An IBC is formed by two incorporators who are citizens and residents of Antigua, at least one of whom must be an attorney. The incorporators sign and send the Articles of incorporation to the Director of International Business Corporations. Articles of Incorporation must contain the following information: name of corporation, registered office, classes and number of shares the corporation is authorized to issue, number (or minimum or maximum number) of directors, restrictions on business, other divisions, if any, names of incorporators. Upon formation of an IBC, a Certificate of Incorporation is issued.
The name of an IBC can be any name of choice, providing it is not the same as an existing registered company, and it must end in Limited, Corporation, Incorporated, Society Anonyme, Sociedad Anonima or Aktiengesellschaft; or their usual abbreviations: Ltd., Corp., Inc., S.A., A.S. or AG. Misleading names are not allowed.
There is no minimum capital requirements for an IBC. Usually corporations are incorporated with the authorized capital of USD1,000 divided into 1,000 bearer or registered shares of US$1 each. Corporations can issue shares in registered or bearer form, with or without par value. Bearer shares must indicate that they are not transferable to a resident of Antigua and Barbuda. A company may choose to have one shareholder, natural person or body corporate, resident of Antigua or not. There is no public share register and thus no shareholder or beneficial ownership disclosure.
An IBC can have a single director, natural person or body corporate, resident of Antigua or not. (In the case of banks, trusts or insurance companies at least one director must be a citizen and resident of Antigua and Barbuda). There are no citizenship or residence requirements for other officers of the company who may be appointed at the discretion of the company.
Annual reports and payments
An IBC is not required to file any annual returns, accounting or auditing of records in Antigua. Though there is a statutory requirement that the corporate records of the Corporation must be maintained at its Registered Office in Antigua and Barbuda.
Meetings of directors and shareholders may be held outside Antigua, with the exception of the Annual General Meeting and the Annual Board Meeting. Directors of the company are required to call the first annual general meeting of shareholders not later than 18 months after incorporation, and any next annual meeting must be convened not later than 15 months after the last preceding annual meeting. Telephone meetings are permissible as long as one (1) director is physically present in Antigua and Barbuda and shareholders may vote by proxy (Nominee local directors and nominee local shareholders can convene annual meetings with telephone participation by overseas directors and shareholders).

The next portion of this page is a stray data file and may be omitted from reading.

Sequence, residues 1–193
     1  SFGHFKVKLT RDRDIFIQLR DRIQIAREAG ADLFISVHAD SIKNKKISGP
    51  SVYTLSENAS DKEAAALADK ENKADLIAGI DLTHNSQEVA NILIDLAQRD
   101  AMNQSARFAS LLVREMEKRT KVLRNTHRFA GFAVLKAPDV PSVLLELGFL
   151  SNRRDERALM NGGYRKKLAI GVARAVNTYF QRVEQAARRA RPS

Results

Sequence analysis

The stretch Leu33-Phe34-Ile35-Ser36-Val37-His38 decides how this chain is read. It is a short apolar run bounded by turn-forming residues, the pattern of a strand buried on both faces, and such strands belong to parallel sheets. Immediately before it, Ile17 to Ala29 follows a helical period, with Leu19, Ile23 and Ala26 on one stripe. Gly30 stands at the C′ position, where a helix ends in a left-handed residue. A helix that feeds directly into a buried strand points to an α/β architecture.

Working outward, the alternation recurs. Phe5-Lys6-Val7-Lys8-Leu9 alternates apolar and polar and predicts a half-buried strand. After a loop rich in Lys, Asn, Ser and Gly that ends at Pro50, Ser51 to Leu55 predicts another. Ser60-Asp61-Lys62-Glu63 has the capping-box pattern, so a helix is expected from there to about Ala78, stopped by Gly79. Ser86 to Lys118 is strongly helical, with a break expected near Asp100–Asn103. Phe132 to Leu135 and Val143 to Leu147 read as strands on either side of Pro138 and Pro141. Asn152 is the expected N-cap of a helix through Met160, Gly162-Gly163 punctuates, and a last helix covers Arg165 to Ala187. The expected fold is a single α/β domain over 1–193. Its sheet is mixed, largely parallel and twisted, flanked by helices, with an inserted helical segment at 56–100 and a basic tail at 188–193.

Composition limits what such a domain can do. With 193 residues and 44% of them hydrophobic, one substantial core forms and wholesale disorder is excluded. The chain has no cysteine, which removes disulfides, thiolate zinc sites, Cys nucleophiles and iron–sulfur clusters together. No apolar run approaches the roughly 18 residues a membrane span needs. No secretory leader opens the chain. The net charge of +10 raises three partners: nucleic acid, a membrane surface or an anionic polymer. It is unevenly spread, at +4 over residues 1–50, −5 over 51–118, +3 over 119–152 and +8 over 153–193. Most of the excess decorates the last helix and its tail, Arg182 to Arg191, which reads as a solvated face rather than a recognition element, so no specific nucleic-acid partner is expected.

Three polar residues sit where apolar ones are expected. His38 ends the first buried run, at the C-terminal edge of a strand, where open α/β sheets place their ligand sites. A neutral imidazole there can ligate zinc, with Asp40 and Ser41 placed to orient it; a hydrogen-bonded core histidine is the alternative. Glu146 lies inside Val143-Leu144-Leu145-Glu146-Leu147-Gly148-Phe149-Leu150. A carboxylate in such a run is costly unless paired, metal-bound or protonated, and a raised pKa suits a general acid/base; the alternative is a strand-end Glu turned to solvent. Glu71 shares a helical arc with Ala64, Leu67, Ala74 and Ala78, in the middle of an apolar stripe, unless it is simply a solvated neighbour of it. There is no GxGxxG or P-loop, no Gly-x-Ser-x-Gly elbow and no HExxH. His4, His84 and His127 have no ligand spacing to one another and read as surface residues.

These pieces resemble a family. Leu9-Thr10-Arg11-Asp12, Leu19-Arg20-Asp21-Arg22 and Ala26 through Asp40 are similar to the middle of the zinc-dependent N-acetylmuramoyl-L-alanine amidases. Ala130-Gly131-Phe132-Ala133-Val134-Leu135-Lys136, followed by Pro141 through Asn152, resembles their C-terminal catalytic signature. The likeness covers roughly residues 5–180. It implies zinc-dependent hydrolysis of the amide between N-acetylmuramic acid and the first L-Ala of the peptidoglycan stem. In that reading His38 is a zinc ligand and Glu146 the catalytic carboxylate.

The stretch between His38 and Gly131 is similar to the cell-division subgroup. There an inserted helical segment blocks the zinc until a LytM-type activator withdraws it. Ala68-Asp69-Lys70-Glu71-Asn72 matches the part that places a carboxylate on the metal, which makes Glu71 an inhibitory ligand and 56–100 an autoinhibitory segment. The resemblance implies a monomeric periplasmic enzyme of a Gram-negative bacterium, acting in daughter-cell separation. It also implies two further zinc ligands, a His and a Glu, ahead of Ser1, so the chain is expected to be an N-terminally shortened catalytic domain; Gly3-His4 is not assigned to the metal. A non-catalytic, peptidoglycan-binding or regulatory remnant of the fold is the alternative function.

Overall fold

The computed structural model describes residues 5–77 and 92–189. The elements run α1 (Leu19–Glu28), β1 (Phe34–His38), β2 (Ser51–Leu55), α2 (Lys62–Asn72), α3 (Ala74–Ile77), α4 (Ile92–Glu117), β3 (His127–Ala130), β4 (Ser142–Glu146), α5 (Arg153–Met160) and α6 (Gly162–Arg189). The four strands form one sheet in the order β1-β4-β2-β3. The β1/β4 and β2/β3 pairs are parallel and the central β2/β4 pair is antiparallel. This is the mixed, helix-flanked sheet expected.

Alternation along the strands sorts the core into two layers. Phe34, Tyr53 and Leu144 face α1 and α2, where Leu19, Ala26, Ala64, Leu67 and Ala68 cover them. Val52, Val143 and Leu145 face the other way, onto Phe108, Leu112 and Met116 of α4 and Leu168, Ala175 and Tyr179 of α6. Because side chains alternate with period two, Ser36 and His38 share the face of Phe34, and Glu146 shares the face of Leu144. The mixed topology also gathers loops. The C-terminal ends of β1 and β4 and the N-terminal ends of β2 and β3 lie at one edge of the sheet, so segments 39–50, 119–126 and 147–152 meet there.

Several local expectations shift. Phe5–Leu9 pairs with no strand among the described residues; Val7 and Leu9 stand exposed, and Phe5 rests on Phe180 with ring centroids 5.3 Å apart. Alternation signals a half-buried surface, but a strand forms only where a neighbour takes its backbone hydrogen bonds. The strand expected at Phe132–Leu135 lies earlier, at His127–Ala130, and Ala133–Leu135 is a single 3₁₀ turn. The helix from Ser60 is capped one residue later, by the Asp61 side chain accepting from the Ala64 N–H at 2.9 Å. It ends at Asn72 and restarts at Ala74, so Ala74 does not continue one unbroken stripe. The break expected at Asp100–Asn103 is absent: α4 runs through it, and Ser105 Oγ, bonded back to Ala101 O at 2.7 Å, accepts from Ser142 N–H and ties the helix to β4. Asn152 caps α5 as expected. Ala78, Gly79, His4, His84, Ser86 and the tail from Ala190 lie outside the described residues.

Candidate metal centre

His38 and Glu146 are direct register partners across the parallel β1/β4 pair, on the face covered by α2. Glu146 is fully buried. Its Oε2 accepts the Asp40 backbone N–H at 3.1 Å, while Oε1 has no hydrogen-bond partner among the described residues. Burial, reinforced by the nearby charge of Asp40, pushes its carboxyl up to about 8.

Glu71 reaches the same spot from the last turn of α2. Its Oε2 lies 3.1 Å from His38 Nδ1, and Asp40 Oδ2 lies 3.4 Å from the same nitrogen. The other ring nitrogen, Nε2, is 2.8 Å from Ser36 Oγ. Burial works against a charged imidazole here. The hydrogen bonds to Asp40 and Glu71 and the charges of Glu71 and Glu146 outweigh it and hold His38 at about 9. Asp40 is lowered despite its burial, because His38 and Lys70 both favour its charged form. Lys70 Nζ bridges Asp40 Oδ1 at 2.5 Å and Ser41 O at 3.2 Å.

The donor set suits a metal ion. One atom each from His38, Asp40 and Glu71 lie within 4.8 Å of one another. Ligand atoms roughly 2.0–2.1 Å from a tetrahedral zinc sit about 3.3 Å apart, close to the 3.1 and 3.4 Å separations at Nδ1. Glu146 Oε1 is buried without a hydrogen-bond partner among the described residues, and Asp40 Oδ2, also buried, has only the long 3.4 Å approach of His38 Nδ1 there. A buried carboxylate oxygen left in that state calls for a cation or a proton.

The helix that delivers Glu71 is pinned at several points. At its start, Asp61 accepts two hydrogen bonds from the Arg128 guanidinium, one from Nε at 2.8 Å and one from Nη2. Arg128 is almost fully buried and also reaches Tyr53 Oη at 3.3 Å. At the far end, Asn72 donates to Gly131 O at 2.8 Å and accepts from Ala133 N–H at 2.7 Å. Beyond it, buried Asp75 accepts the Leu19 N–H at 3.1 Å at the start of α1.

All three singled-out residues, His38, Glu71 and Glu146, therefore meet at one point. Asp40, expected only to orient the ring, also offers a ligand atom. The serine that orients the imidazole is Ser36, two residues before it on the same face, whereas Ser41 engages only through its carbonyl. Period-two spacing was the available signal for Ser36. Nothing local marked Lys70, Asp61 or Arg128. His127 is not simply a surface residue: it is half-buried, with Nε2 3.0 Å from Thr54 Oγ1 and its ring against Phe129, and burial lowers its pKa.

Annual government fee is US$300.00 per year.
OFFSHORE BANKS IN ANTIGUA
Establishment, licensing and activities of Offshore Banks are governed by the provisions of the International Business Corporations Act. Any International Business Corporation (IBC) may apply for a licence to carry on International (or "Offshore") Banking. The application must be made to the International Financial Sector Authority (IFSA). A Banking Licence can, generally, be issued within four (4) weeks of submission of completed application documents.
The minimum share capital of an offshore banks is USD5 million, USD1.5 million of which must be deposited and kept in a bank licensed to do business in Antigua and Barbuda. It is required that the directors of an offshore bank are natural persons and at least one of them is resident in Antigua and Barbuda.
As a condition of its licence, an offshore bank is required to submit financial returns to the Supervisor of banks every three (3) months. An audited financial statement must be filed annually, together with a certificate verifying current owners, directors and officers of the Bank.
Recently the Government enacted some amendments to the International Business Corporation Act and the Money-Laundering (Prevention) Act due to the international concerns about Money-Laundering and other illegal financial activities. Among these amendments are the following:
- all offshore banking affairs are subject to annual examination by designated Government Examiners,
- detailed customer and transaction records must be kept by all Offshore Banks,
- changes in the ownership and Board of Directors of Banks will require a prior approval of the IFSA,
- banks are prohibited from accepting bearer negotiable instruments,
- banks are prohibited from receiving or transmitting funds for persons who are not customers or account holders and
- each Bank must appoint a Compliance Officer who is responsible for ensuring the Bank's compliance with applicable laws.